Tasting Events

Liberty Portfolio Tasting 2019 (part 4 – New World Reds)

“New World” is not a great term as it basically means “outside Europe”, so it includes many different countries which are different in style.  Just for convenience, it allows us to look at a selection wines from California, Central Otago, Southern Australia and Ningxia, all available from Liberty Wines.

Pine Ridge Napa Valley Cabernet Sauvignon 2016 (15.0%, RRP €72.99 at Blackrock Cellar; The Corkscrew; La Touche Wines, Greystones; McHugh’s; Redmonds of Ranelagh; Terroirs)

Pine Ridge Vineyards CabSauv NapaValley

I’ve been a fan of the Pine Ridge Chenin Blanc / Viognier blend for some time (see review here) but as this is Napa then the Cabernet is the real deal.  Pine Ridge Vineyards was first established in Stags Leap District in the late 70s with a single vineyard next to a – you guessed it – pine ridge.  Their vineyards now number 12 and total 80 hectares over five Napa sub-zones: Stags Leap District, Rutherford, Carneros, Howell Mountain and Oakville.  Pine Ridge produce a number of different wines, including several from individual sub-zones, but this is a blend across the five.

This bottle is labelled as a varietal Cabernet Sauvignon but that is 91% of the blend, with the balance made up by 6% Petit Verdot and 3% Cabernet Franc.  35% of the 2016 was aged in new American oak for 18 months, giving creamy vanilla to go with the blackcurrant, cherry and blackberry notes.  This is a big, lush, heady wine that is not light and shouldn’t be taken lightly.  It’s not for those who like racy reds but it’s imposing and delicious.

New Kanaan Pretty Pony 2013 (14.0%, €52.99 at Cinnamon Cottage, Cork; The Corkscrew; The Malt House; Mitchell & Son; Terroirs)

Kanaan Winery, `Pretty Pony` FS

Ningxia is of course the most important Chinese region for wine.  Some years ago I reviewed Château Changyu Moser XV 2008 which had an abv of 12.5% and was reminiscent of old school Bordeaux (think mid ’90s).  The Pretty Pony is a very good wine, regardless of origin. It has oak, lovely black fruit and is already showing a nice bit of development.  This is not like old school Bordeaux – this is like modern Bordeaux!

Akarua “Rua” Central Otago Pinot Noir 2017 (14.0%, RRP €29.99 at Avoca; Baggot Street Wines; Blackrock Cellar; Clontarf Wines; The Corkscrew; Mitchell & Son; Red Nose Wine; 1601, Kinsale; www.wineonline.ie)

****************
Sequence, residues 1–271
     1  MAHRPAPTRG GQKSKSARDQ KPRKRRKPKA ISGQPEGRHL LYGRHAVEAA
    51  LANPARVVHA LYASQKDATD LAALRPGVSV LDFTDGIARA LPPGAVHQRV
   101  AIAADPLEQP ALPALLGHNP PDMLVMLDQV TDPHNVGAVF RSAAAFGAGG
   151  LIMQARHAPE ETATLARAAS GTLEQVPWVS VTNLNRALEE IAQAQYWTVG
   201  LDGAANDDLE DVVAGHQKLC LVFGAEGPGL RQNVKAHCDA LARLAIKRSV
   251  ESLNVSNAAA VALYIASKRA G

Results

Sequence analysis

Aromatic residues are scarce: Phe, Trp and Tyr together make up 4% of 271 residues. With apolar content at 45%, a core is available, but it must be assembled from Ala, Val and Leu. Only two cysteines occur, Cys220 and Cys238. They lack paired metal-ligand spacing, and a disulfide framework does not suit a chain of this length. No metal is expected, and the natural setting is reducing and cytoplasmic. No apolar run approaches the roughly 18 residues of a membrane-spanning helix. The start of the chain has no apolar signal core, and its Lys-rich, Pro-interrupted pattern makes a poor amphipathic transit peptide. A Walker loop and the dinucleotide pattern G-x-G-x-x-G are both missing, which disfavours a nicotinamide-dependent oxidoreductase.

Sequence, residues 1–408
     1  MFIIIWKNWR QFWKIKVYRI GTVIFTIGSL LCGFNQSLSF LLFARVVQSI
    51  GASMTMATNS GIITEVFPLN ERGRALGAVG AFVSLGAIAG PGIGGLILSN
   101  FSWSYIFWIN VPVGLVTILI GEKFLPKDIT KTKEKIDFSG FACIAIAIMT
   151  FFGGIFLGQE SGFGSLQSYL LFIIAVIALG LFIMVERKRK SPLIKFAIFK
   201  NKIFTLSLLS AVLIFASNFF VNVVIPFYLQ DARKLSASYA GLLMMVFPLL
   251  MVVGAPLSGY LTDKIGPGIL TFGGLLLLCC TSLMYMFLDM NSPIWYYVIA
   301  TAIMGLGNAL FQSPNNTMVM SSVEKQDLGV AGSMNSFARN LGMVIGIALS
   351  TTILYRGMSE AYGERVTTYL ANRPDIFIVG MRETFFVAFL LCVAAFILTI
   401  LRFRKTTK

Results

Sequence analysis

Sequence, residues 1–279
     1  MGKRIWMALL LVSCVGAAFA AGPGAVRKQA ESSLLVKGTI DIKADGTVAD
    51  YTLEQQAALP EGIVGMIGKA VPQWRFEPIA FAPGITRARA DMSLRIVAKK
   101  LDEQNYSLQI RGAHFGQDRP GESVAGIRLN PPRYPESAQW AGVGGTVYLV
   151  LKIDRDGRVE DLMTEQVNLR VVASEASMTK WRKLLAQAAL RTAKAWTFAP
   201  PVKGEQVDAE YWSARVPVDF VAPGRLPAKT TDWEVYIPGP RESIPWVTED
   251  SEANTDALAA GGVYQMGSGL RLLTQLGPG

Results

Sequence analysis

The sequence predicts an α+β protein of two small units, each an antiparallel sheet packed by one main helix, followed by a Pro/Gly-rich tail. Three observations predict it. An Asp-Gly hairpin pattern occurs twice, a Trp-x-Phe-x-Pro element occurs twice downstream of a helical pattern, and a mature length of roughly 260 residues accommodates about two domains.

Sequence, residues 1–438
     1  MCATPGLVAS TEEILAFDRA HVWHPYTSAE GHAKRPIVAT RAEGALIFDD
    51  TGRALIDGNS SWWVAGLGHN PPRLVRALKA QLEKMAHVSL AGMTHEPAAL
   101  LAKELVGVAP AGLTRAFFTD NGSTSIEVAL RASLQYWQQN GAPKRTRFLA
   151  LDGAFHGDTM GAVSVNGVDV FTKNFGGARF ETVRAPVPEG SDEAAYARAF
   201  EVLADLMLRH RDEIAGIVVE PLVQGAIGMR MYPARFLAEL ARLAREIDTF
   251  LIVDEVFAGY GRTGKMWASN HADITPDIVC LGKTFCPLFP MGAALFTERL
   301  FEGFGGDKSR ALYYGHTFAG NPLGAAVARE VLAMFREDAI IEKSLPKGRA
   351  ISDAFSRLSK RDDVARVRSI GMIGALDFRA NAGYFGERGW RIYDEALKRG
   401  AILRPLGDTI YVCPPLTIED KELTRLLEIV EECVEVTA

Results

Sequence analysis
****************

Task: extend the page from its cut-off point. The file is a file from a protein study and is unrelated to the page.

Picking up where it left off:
Akarua Rua Pinot Noir

When Central Otago Pinot Noir began to enter into the consciousness of wine drinkers it was almost the opposite of Marlborough Pinot – big, bold and powerful – with alcohol to match.  It was almost a Pinot Noir for Cabernet drinkers – no bad thing in my eyes as Cab is my favourite black grape – but times, and the wines, have changed.  Now elegance and balance are to the fore, without losing the intensity that made them such a hit in the first place.  This is a great example of Central Pinot – especially for the relatively modest price.  It has a core of ripe red fruit and a slight smoky, savoury edge that gives it some seriousness.

Burn Cottage Central Otago Pinot Noir 2016 (13.5%, RRP €69.99 at The Corkscrew; www.wineonline.ie and good independents nationwide)

Burn Cottage Central Otago Pinot Noir

Another Central Pinot, but totally different in style.  Burn Cottage has been practising biodynamic since the first vines were planted in 2003, and there is a low intervention approach to winemaking.  Whole bunch fermentation allows the wine’s aromas to develop fully – it smells…special, for want of a better term.  This is a fine, fine wine which delights all the senses but the mind too.

Mitolo “G.A.M.” McLaren Vale Shiraz 2015 (14.5%, RRP €39.99 at Blackrock Cellar; www.wineonline.ie and good independents nationwide)

Mitolo GAM Shiraz

Like many McLaren Vale vineyards, Mitolo has Italian roots through its founder Frank Mitolo.  It also has an influx of German genes through winemaker and business partner Ben Glaetzer, scion of the Barossa producer Glaetzer wines.  The Mitolo portfolio is split into three ranges: Jester, Small Batch and Single Vineyard.

The G.A.M. Shiraz was the first wine produced by Mitolo; it’s not an alternative to GSM which is prevalent in the Vale, but actually stands for the initials of Frank’s three children, Gemma, Alex and Marco.  The fruit is sourced from a vineyard belonging to family friends and fellow Italian immigrants the Lopresti vineyards, in particular their “Chinese Block”.  As it’s located at the bottom end of McLaren Vale, the block benefits from cooling sea breezes.  The vines are over 40 years old and are planted on a type of clay.  Fermentation is kept on the cool side to preserve fruit flavours and then fermentation is in French oak (30% new, 70% used) for 15 months.  Only at that point are barrels given final selection for inclusion in the G.A.M. Shiraz.